Gulf Coast Community Colleges to Host 2nd Women in Industry Conference

Galena Park studentsBuoyed by the success of its 2016 conference, the Community College Petrochemical Initiative (CCPI) will host Women in Industry 2017 on Friday, Feb. 17, 2017, at South Shore Harbor Resort in League City.

The one-day event is designed to introduce women to the careers and opportunities available in the petrochemical and industrial skills industries, career fields long dominated by males but now open to women.

Last year’s Women in Industry Conference, the first hosted by CCPI, drew more than 250 interested women. More than 350 women from across the Greater Houston area are expected to attend the 2017 event.

”This conference is geared for all women—those unemployed or underemployed, high school or college students, veterans—who desire a well-paying career,” said Debi Jordan, who chairs CCPI.

“Petrochemical refineries need to replace as much as 40 percent of current employees over the next decade—due to plant expansions and an aging workforce,” Jordan said.  “There are plenty of challenging, well-paying career positions available in the Upper Texas Gulf Coast region—and refineries and contractors are looking for trained women to hire.”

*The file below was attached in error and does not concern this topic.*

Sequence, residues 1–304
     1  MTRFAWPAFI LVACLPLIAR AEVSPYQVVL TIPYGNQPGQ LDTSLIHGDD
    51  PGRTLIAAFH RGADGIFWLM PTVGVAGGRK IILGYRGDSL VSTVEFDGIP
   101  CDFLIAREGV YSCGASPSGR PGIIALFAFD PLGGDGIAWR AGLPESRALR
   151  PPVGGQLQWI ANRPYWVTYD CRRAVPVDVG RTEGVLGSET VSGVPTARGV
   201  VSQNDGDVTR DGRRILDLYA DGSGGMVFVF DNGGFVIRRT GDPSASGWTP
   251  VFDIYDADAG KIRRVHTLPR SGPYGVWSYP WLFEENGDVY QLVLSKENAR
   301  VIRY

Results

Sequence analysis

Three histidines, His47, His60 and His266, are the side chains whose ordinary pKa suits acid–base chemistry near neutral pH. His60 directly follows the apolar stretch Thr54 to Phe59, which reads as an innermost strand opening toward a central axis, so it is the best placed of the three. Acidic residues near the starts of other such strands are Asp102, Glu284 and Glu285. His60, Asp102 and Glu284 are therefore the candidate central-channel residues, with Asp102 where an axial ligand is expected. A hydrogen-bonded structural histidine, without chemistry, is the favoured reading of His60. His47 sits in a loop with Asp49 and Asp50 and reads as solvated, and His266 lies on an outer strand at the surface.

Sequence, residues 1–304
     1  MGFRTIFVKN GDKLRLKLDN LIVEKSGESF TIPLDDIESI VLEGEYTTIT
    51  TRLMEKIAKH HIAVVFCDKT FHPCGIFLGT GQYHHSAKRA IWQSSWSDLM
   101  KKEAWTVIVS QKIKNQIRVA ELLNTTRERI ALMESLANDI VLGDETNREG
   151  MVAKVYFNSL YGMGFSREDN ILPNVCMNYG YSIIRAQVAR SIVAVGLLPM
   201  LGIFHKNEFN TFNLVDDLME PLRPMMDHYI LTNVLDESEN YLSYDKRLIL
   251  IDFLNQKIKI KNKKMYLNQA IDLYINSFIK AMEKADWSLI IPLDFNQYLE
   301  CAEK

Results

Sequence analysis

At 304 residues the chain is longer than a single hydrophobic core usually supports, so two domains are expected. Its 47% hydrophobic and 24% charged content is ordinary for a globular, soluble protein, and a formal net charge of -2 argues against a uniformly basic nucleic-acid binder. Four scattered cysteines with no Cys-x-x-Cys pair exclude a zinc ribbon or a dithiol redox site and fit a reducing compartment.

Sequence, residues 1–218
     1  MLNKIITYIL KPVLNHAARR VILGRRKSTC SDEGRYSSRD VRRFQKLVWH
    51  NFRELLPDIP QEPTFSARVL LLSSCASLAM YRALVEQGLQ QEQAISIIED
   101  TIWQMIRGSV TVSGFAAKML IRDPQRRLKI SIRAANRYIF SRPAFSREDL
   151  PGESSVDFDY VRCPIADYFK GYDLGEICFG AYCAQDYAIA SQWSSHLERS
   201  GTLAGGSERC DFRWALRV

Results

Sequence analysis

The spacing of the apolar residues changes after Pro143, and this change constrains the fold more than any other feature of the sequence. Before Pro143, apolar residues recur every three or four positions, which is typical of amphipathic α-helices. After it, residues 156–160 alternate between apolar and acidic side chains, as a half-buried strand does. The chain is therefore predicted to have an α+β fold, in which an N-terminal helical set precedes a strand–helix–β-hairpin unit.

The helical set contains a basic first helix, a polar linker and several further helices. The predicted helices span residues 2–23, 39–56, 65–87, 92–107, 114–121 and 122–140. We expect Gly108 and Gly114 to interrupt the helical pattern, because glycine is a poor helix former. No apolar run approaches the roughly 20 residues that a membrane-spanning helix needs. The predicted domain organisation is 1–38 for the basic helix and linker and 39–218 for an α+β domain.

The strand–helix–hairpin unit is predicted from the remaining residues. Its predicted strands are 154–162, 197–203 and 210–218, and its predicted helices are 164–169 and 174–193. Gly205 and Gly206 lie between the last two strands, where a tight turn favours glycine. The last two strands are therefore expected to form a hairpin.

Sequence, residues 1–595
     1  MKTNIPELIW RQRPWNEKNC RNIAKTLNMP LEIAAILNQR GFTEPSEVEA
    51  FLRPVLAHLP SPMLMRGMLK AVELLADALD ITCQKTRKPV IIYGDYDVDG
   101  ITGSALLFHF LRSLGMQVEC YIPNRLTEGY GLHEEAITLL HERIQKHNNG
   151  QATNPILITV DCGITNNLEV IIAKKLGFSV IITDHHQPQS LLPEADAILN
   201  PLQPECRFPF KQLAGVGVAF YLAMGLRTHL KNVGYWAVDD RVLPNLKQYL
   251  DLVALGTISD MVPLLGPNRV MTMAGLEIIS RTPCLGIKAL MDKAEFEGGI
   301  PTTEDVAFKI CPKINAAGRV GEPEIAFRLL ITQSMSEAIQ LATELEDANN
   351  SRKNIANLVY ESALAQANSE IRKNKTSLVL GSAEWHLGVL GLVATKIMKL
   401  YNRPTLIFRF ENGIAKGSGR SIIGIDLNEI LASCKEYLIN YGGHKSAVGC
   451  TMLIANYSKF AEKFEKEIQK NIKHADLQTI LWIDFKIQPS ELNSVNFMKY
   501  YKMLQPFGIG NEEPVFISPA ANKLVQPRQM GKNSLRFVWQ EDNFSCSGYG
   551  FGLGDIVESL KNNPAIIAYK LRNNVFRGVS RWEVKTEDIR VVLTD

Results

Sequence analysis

Last year’s attendees included high school students, women seeking challenging and better paying jobs, and women already in the field looking to advance in their career path.

Participants will hear from other women who work in the petrochemical and industrial trades industries, and will have the opportunity to talk with college representatives about enrollment, financial aid, and other training-related issues. Several major employers are also expected to be present.

Corporate sponsors for the event include ExxonMobil, Chevron Phillips, INEOS, Noltex, the East Harris County Manufacturing Association (ECHMA), and Jacobs.